Wednesday, June 13, 2012
Faith and Reason in Saint Paul and Continental Philosophy
#continental philosophy of religion
I’ve been quiet this last few weeks as I’ve been preparing for a job interview. I’m off to Radboud University in the Netherlands today, where I’ve got an interview for a post-doc position in Theology and Philosophy, working on a project on faith and reason in Paul’s Letters and continental philosophy. The post-doc sub-project is on how readings of Saint Paul enable reassessments of the notions of attestation and conviction, as well as related concepts like truth by Heidegger, Derrida, Agamben, Badiou and Ricoeur. I’m really excited about this project and really hope I do well in the interview on Thursday. It would be a fantastic opportunity for me. I couldn’t imagine a better post-doc topic unless I wrote it myself, as I’ve already done a lot of work on the concept of truth in European philosophy of religion and philosophical theology, as well as on the relationship between contemporary political philosophy and Saint Paul.
Thursday, March 8, 2012
Atheism for Lent: Religion as Revenge (Nietzsche 4)
#atheism for lent
It is not hard to see that Nietzsche’s critique of biblical religion (both Judaism and Christianity) will be that it operates within slave morality (see yesterday’s post here).
When he writes that Judaism ‘mark[s] the beginning of the slave rebellion in morals’ (Beyond Good and Evil, S195) and that ‘[o]ne knows who inherited this Jewish revaluation’ of morality (On the Genealogy of Morals, Essay 1 S7), Nietzsche is emphasising both the “Jewishness” of Christianity and the “Jewishness” of Christian anti-Semites – perhaps scorning rather than securing later Nazi attempts to appropriate his philosophical legacy for the purpose of fascism.
The Ascetic Ideal
For him, biblical religion is a religion of priestly power, by which he means an impotent power. Whilst priests are a caste that can acquire great political power, even supremacy, and enjoy a strong social function, the origin of their power is weak, or, as Nietzsche increasingly refers to it, “sick”, since it is grounded not in master morality but in the slave morality that first labels its enemies as evil and then labels itself as good. Priests emerge from a slave ‘ressentiment without equal, that of an insatiable instinct and power-will that want to become master’ (Essay 3 S11), but ‘[i]t is because of their impotence that in them hatred grows to monstrous and uncanny proportions, to the most spiritual and poisonous kind of hatred’ (Essay 1 SS6-7).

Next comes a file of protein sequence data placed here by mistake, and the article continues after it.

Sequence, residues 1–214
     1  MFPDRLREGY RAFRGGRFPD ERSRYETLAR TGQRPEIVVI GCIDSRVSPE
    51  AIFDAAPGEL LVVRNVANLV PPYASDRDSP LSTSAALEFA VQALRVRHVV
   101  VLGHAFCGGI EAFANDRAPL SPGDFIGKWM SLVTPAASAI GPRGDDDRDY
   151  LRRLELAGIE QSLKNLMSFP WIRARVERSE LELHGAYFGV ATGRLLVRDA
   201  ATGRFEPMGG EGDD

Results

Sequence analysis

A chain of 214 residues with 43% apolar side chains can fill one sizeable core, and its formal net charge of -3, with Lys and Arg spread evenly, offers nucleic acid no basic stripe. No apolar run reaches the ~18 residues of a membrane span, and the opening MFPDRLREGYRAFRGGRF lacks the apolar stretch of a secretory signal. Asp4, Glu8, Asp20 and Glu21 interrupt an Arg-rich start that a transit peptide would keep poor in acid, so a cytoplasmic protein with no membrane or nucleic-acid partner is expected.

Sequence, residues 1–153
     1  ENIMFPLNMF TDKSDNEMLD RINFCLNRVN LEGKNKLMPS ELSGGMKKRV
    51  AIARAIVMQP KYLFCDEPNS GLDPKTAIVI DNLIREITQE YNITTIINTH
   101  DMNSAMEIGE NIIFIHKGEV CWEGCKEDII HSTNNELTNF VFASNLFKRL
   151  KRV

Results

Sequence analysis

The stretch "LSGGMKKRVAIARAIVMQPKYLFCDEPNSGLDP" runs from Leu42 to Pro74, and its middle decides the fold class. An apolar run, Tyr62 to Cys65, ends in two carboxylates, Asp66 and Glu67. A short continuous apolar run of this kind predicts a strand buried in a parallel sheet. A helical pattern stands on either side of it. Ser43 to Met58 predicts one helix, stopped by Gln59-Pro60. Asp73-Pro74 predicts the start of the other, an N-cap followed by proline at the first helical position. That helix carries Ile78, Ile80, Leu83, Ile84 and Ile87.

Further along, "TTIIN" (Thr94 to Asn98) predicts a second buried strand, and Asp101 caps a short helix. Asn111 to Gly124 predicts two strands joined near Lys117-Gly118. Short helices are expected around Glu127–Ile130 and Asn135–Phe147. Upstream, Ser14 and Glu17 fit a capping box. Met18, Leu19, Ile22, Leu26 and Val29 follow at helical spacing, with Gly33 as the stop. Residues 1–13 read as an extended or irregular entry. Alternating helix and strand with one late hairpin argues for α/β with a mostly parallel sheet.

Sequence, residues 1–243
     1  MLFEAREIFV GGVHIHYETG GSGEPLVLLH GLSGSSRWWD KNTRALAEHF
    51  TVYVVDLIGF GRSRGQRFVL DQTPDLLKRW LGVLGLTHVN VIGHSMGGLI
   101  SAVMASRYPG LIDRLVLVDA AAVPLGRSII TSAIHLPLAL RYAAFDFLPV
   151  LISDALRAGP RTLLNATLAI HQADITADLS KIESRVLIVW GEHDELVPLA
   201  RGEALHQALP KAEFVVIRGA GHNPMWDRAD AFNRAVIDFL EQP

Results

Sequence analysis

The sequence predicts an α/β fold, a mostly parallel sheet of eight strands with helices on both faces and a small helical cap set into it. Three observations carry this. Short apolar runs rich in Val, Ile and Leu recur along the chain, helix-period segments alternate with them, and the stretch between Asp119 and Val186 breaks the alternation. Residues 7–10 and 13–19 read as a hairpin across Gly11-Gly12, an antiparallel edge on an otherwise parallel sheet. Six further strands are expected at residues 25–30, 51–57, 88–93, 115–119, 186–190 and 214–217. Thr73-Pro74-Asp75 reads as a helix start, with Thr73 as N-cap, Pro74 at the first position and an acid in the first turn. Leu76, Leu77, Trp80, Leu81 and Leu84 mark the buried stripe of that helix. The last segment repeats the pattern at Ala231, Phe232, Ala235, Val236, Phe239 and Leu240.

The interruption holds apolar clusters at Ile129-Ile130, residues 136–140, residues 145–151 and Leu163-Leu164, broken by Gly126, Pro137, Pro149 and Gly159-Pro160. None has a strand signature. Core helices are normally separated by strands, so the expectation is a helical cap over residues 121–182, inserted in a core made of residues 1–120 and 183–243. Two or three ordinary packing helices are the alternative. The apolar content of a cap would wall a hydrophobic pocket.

But priests must also be powerful:
Dominion over the suffering is his kingdom, that is where his instinct directs him, here he possesses his distinctive art, his mastery, his kind of happiness… He must be sick himself… but he must also be strong, master of himself even more than of others, with his will to power intact, so as to be both trusted and feared by the sick, so as to be their support, resistance, prop, compulsion, taskmaster, tyrant, and god.
Nietzsche, On the Genealogy of Morals, Essay 3 S15.
Friday, February 24, 2012
Atheism for Lent: Religion as Wish-Fulfilment (Freud 2)
#atheism for lent
For Freud, religious beliefs are ‘illusions’, a technical term which has a specific meaning for him: ‘we call a belief an illusion when a wish-fulfilment is a prominent factor in its motivation, and in doing so we disregard its relations to reality’ (Freud, The Complete Psychological Works, vol.21, p.31).
This is the second post on Freud’s critique of religion in this Atheism for Lent series. Remembering the distinction drawn yesterday between scepticism and suspicion, the ‘psychological nature’ of religious beliefs as illustory (vol 21, p.33) does not involve ‘the truth of the foundation of religious ideas but their function in balancing the renunciations and satisafactions through which man tries to make his life tolerable’ (Paul Ricoeur, Freud and Philosophy, pp.234-5). In other words, Freud’s sceptical atheism is of less interest here than his suspicion.
Merold Westphal explains that religious beliefs function as illusions when
[w]e represent God to ourselves, not in accordance with the evidence available to us but in accordance with our wishes; in other words, we create God in our image, or at least in the image of our desires. Now we have three things to be ashamed of: (1) the desires that govern this operation, (2) our willingness to subordinate truth to happiness, and (3) our [hubris] in making ourselves the creator and God the creature. If we are not utterly shameless, we will do our best to distract attention, especially our own, from what is going on.
Suspicion and Faith, p.62